Gene Variant That Cuts Lung Cancer Risk Identified
NEW YORK (Reuters Health) - New study findings show that people with a certain gene variation may have a lower risk of developing lung cancer.
``We confirmed that those with a genetic variant of the myeloperoxidase enzyme have a lower risk of lung cancer relative to those with the more common type of the enzyme,'' said lead author Dr. Brian G. Weinshenker of the Mayo Clinic in Rochester, Minnesota.
Myeloperoxidase (MPO) is an enzyme found in white blood cells that concentrate in the lungs of smokers because of inflammation, he explained. The enzyme produces substances capable of causing tissue damage. For this reason, researchers have hypothesized that the degree of MPO expression has something to do with lung cancer risk.
To investigate, Weinshenker and his colleagues evaluated the DNA of 307 patients with lung cancer and a similar group of 307 people who did not have lung cancer. The researchers were looking for a variant in the MPO gene that results in lower expression of the enzyme, and hence potentially less lung tissue damage.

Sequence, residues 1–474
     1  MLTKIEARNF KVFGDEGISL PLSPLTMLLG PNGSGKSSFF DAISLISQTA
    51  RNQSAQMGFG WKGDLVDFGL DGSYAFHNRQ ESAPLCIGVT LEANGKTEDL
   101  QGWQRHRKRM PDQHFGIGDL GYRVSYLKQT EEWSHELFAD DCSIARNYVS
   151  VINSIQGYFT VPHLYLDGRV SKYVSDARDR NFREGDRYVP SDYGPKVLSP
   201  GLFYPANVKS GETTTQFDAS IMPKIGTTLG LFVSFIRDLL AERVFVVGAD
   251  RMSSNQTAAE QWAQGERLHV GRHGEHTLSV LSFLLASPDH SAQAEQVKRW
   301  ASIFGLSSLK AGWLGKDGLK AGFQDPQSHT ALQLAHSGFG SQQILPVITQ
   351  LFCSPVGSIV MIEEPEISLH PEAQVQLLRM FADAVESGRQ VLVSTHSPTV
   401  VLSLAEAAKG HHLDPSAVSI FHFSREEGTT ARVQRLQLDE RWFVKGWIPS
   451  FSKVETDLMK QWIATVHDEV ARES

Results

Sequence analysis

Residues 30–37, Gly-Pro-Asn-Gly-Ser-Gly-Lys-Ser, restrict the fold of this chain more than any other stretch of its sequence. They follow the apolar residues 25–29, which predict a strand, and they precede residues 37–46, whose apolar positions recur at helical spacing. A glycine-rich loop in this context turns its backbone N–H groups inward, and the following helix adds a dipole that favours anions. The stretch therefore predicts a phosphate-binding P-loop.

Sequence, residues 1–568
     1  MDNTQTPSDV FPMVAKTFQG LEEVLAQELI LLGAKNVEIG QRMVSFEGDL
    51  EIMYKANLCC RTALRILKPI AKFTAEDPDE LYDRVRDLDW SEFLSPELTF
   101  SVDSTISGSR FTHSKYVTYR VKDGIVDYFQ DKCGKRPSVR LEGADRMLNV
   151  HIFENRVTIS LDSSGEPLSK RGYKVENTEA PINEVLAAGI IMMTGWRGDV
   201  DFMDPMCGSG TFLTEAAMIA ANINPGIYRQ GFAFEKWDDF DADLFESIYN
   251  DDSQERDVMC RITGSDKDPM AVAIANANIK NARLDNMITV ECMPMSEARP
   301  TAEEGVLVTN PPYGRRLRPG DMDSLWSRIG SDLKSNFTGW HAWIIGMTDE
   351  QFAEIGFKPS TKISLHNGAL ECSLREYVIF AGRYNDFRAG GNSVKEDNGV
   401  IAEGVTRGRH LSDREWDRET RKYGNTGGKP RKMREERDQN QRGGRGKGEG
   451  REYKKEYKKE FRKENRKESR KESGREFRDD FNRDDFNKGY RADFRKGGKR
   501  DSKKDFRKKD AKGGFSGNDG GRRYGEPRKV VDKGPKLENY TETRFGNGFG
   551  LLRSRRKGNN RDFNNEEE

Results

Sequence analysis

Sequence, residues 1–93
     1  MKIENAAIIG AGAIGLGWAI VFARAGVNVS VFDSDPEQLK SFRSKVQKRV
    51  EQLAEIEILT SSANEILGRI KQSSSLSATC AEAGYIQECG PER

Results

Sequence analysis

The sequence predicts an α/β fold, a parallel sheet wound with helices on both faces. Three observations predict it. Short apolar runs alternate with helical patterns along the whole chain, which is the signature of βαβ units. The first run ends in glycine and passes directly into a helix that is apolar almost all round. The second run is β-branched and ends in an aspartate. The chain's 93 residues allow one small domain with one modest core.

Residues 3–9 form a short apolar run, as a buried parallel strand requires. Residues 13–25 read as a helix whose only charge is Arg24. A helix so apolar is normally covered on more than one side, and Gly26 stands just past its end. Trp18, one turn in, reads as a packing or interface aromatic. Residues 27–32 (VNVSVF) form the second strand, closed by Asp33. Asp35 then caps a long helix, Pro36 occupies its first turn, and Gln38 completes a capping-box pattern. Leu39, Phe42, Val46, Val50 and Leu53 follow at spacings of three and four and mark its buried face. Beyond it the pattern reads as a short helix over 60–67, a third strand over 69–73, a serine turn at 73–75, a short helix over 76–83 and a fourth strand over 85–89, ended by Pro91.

Patients with two copies (one from each parent) of the genetic variant, who represent about 3% of the general population, were found to be less likely to have lung cancer, according to the report published in the January issue of the Mayo Clinic Proceedings.
``The reduction in risk in our study was most evident in those...who have two copies of the enzyme variant whose risk was reduced by 60%,'' Weinshenker told Reuters Health.
``Combining the results of our own studies with other studies reported in the literature, we concluded that having even one copy of the variant enzyme (approximately 35% of the population) reduces the risk of lung cancer, but only very slightly,'' he added.
Nonetheless, Weinshenker warns that the reduced risk of developing lung cancer seen in some people shouldn't give smokers a false sense of comfort.
``Smoking increases the risk of cancer sevenfold...so individuals with this genetic variant enzyme should not feel very secure in continuing to smoke,'' he told Reuters Health.
``There is no medical indication to have genetic testing to find out if one carries this genetic variant and is thereby partially protected from lung cancer,'' he said.
Lung cancer is the most common type of cancer in the world in terms of new cases--1.2 million, accounting for 12.3% of the world total of cancer cases--and deaths, with 1.1 million, or 17.8% of the world total of deaths from cancer.